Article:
Asylum seekers sent to Cardiff home in 'crazy' numbers
Asylum seekers, some injured and some suffering from scabies, were being sent to a Cardiff hostel in "crazy" numbers, a Welsh MP has been told by managers.
Cardiff Central MP Jo Stevens said Lynx House had nearly 400 people at one point in November, more than double what they felt they could manage.
MPs are debating the handling of asylum seekers by contractors.
A rule making Lynx House residents wear coloured wristbands to get food was scrapped after an outcry.
"Lots of single men have been sent through by the Home Office," Ms Stevens told fellow MPs on Wednesday.
"These are individuals who have gone through a lot to get to Cardiff.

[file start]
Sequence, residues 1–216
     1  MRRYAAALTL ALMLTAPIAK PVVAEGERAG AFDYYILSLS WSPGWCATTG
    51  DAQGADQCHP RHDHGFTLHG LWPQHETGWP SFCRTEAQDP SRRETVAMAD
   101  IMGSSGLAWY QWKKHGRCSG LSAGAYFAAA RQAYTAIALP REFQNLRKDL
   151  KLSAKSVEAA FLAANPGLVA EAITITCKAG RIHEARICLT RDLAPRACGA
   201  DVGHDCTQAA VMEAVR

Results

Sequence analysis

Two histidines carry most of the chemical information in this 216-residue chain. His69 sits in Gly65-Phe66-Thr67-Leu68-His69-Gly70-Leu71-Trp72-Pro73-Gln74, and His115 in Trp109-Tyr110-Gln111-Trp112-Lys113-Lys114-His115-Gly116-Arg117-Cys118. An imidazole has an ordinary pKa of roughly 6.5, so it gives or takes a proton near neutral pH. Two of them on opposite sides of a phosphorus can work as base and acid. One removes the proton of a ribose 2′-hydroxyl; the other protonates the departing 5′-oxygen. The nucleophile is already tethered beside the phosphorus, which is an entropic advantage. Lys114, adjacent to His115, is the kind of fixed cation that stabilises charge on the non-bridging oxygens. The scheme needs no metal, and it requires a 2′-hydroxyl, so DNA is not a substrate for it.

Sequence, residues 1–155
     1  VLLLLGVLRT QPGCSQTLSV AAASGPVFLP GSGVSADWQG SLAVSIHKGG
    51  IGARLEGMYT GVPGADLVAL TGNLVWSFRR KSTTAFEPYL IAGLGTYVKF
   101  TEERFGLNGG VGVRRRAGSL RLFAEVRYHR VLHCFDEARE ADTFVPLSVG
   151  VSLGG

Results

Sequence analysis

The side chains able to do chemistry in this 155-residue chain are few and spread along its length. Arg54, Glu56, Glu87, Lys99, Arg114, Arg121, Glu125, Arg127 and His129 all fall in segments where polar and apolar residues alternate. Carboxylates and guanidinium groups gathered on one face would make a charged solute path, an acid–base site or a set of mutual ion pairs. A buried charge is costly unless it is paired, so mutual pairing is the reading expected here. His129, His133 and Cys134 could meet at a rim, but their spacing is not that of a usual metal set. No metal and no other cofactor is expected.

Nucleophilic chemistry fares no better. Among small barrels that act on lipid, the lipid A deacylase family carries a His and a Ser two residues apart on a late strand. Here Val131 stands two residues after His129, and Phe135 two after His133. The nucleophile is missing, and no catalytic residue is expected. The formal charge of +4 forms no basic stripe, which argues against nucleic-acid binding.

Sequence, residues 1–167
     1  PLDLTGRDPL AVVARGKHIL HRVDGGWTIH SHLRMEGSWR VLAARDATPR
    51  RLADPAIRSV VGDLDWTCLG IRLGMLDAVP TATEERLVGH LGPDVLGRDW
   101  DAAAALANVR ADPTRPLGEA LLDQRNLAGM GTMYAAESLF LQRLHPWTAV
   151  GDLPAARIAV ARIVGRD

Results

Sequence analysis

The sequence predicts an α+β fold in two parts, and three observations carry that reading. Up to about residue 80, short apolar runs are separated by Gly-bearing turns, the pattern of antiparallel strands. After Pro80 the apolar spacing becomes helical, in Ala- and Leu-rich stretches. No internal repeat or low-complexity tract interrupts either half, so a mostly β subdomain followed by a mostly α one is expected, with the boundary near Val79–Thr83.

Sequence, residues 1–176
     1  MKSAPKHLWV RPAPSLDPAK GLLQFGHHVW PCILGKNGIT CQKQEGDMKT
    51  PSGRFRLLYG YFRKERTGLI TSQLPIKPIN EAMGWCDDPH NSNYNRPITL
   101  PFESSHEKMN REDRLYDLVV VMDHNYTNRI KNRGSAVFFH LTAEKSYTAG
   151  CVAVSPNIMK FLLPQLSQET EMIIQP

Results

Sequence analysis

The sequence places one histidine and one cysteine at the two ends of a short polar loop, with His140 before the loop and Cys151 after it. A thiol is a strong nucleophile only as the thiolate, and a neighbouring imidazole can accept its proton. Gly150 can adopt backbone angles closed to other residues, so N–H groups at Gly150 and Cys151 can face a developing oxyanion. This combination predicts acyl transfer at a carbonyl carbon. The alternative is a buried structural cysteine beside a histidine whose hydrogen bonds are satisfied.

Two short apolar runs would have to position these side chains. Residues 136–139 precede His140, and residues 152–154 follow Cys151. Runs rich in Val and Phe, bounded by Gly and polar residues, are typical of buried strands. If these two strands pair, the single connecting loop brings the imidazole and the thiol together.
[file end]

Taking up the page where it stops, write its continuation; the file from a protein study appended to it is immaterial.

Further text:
"Many were injured - there were cases of scabies."
Amid concern about overcrowding at the hostel, run by Clearsprings Group, she added: "This structure does not seem to be working."
Cardiff South and Penarth Labour MP Stephen Doughty said that none of the asylum seekers were asking for special treatment, just that they be treated with dignity and respect.
He said there were cases of short notice evictions, abusive behaviour, and of male workers entering the bedrooms of women without their consent - on occasions while the women were undressed.
Mr Doughty said such behaviour aggravated these people's previous experience of trauma.
Immigration Minister James Brokenshire said the UK government remained "committed to providing an asylum system which protects and respects the fundamental rights of those individuals who arrive on our shores seeking refuge from persecution".
He said that he expected people to be treated with dignity and respect.
"I have also underlined that there should not be actions that stigmatise, isolate or publicly identify asylum seekers," he said.
The minister said he welcomed the action taken to remedy those situations.